It’s a scene that takes place thousands of times each day across the nation.
An employee gets fired or laid off, and isn’t sure about what to do with the $25,000 balance in the 401(k) account from their now-former employer.
The solution: The ex-employee calls their insurance agent. Two days later, the client and the agent meet face to face.
A conversation ensues and, before long, the client is asking for advice about what to do with their 401(k) balance: keep it in the plan, roll it over into a new or an existing individual retirement account or cash out.
As soon as the agent speaks to make a recommendation — even if that recommendation is not acted upon — it triggers the recommendation test proposed by the Department of Labor (DOL) under new conflict of interest rules.
The client then says, “Oh, and by the way, since we’re here together, I have another $10,000 sitting in a 401(k) from my first job. Should I add that to my $25,000?”
There’s another question that will elicit a recommendation that triggers the fiduciary duty clause under the DOL proposal.
And then the client asks, “And what about a Roth IRA?”
In the space of five minutes, our fixed annuity agent has triggered the fiduciary threshold at least three times. That’s why Kim O’Brien and the consumer advocacy group she leads, Americans for Annuity Protection (AAP), are worried that the DOL’s new proposed conflict of interest rules are too broad.
“All of this makes sense in a mutual fund conversation and in an investment account conversation, but it makes no sense in the fixed annuity conversation,” said O’Brien, CEO and vice chairman of AAP.
When agents talk to clients about fixed annuities, it’s a bit like a first or second date. The conversation, filled with highs and lows and fast and slows and ebbs and flows, sometimes moves quickly and at other times lurches to a halt.
But now the DOL is asking agents to sign the equivalent of a prenup outlining the parameters of the fiduciary responsibility and where commissions are coming from. For sellers of fixed annuities, it’s a burden.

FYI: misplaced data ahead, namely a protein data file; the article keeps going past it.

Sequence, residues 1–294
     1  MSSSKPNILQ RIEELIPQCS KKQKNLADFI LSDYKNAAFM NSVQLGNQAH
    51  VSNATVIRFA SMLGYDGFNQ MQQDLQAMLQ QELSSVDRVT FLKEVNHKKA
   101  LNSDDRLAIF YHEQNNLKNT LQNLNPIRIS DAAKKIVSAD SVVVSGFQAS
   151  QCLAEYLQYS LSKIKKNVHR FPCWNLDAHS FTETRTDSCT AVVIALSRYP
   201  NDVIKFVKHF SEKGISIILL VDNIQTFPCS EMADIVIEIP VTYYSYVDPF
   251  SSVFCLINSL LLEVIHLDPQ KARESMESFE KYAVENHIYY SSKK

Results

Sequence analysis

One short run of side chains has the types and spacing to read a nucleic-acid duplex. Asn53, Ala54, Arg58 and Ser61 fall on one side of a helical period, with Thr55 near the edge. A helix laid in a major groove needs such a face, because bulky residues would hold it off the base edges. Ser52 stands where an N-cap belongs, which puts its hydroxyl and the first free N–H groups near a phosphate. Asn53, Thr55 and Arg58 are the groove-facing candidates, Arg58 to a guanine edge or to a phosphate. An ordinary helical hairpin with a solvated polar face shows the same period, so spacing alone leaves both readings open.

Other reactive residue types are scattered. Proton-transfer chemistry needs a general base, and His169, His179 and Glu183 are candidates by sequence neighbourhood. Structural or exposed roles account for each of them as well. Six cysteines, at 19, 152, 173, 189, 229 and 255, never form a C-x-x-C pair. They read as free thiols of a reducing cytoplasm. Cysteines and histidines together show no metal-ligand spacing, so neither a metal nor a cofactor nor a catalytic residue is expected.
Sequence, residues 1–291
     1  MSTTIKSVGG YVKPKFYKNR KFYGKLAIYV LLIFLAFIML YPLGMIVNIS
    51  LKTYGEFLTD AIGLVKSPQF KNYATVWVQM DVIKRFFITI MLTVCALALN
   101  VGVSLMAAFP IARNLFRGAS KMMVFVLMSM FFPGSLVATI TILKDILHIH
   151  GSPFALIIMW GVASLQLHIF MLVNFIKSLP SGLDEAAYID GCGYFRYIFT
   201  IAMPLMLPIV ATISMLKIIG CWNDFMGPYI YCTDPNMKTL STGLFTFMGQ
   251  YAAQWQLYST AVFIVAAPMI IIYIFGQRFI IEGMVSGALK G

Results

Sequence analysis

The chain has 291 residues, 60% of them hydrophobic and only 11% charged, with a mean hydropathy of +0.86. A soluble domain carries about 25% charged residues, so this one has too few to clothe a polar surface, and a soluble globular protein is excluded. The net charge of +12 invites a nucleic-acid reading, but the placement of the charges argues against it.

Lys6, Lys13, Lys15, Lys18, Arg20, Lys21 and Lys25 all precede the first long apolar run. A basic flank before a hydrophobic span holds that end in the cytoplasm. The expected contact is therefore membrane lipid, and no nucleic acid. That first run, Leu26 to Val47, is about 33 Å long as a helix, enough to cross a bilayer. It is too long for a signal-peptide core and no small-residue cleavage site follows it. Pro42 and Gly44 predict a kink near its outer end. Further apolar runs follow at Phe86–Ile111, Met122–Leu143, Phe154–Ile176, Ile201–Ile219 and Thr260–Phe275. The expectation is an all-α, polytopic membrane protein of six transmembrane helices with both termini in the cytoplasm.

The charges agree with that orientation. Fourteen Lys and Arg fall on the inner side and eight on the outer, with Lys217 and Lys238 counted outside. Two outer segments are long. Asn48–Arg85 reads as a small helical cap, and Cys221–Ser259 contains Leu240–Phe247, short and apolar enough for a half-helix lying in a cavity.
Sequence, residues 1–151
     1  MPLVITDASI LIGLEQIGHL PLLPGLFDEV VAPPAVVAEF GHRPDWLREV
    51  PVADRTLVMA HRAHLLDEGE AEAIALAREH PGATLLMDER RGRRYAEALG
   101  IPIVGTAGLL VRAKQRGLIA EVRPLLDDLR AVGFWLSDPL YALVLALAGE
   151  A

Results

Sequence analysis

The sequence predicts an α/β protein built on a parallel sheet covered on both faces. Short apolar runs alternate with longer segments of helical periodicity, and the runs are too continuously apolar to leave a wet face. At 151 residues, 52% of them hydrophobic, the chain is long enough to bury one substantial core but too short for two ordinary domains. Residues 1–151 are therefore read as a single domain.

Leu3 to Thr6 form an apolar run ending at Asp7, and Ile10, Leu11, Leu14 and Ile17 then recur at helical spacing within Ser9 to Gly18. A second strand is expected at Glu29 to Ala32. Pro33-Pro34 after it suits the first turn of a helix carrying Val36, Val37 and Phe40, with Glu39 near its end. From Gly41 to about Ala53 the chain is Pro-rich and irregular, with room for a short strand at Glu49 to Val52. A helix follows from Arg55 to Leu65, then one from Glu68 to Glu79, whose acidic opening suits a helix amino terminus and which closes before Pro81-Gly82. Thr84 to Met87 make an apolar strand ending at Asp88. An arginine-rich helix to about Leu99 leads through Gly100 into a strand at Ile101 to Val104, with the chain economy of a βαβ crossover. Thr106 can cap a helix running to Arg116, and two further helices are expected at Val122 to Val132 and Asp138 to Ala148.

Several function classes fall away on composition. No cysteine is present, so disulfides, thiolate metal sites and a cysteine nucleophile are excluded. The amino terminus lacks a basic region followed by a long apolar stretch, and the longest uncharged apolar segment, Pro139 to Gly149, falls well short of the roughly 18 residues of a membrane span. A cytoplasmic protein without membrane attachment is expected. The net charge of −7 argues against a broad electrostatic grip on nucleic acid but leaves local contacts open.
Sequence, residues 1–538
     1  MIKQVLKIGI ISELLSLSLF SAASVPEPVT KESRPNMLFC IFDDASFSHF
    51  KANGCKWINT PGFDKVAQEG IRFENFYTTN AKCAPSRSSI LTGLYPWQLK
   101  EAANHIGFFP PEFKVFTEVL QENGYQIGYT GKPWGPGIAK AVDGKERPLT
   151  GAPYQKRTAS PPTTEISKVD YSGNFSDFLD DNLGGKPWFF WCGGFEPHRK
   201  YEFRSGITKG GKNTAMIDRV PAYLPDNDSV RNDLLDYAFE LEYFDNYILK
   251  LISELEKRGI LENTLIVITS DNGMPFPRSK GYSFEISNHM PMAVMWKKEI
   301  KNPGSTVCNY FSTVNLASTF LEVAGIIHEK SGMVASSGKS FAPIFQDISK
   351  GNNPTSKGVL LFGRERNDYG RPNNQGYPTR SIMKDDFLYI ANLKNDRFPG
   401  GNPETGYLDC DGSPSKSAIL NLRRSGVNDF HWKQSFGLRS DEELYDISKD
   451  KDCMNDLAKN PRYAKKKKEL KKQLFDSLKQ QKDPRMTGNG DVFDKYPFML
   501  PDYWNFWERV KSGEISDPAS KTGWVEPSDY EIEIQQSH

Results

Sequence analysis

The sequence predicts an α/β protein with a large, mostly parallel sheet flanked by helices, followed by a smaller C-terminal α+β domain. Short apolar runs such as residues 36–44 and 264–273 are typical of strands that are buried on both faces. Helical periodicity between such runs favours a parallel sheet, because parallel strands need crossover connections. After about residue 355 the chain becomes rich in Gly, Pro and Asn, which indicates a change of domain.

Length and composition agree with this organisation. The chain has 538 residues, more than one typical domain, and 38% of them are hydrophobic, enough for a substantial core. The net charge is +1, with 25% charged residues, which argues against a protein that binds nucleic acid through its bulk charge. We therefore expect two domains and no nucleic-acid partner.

More to the point, though, is that this isn’t how annuity conversations take place. Agents don’t sit across the table and robotically run through their clients’ “financial Miranda” rights.
“That’s not how conversations go,” O’Brien said. “Conversations do not happen in a vacuum with a he said, she said, he said.”
Agents and clients warm toward one another as the relationship unfolds, develops and deepens. They meet at community events, and again at weddings, at christenings, in times of need, at funerals or on the golf course.
Discussions evolve, move in one direction, then another, even backtrack.
O’Brien said the DOL’s proposed approach would kill any kind of relationship agents have with their clients or with fixed annuities. In addition, she said, the DOL proposal would drive an estimated one-third of the 150,000 to 170,000 licensed life and annuity agents out of the business.
Should the DOL’s rules be see the light of day as proposed, millions of middle- and lower-middle-class investors would be stood up at the altar grieving, bitter and alone as agents run for the hills and clients are left to face the challenge of generating guaranteed income on their own or for a fee.
DOL isn’t buying the sob stories, not for a minute. Regulators say the time has come to clamp down on what they see as conflicts of interest rife among sellers of retirement products.
With the decline in defined benefit plans, individual investors, not intermediaries, deserve to reap many of the rewards that guaranteed income products have to offer, the DOL contends.
DOL officials said they have a clear, distinct idea of when a fixed annuity seller crosses the line from educating a consumer to offering investment advice.
If an agent talks about one company’s fixed annuity and explains its features, surrender charges, interest payments and deferral periods, that’s education. When the agent asks a client what he or she wants to do next based on that criteria, that’s education.
But that same life and annuity agent who recommends that a client buy one annuity over another has crossed the line into a fiduciary recommendation, in the eyes of the DOL. This means that the proposed changes to the conflict of interest rules would apply.
Regulating a conversation between an agent and a client may tread a very fine line. But there’s little doubt that the vast number of consumers in fixed annuities are perfectly happy with the investments. This is borne out by the industry statistics that show the number of complaints faced by agents selling fixed annuities is only a fraction of those filed against broker/dealers and investment advisors. One reason for that is because fixed products, tightly regulated by the states, are designed never to lose money.
That makes the rare fixed annuity dispute the subject of litigation. O’Brien said it’s difficult to see how annuitants can be harmed by a fixed product deemed suitable and entered into through mutual consent by the agent and the client at the time of sale.
Where, proponents of fixed annuities ask, does the conflict of interest lie?
InsuranceNewsNet Senior Writer Cyril Tuohy has covered the financial services industry for more than 15 years. Cyril may be reached at firstname.lastname@example.org.
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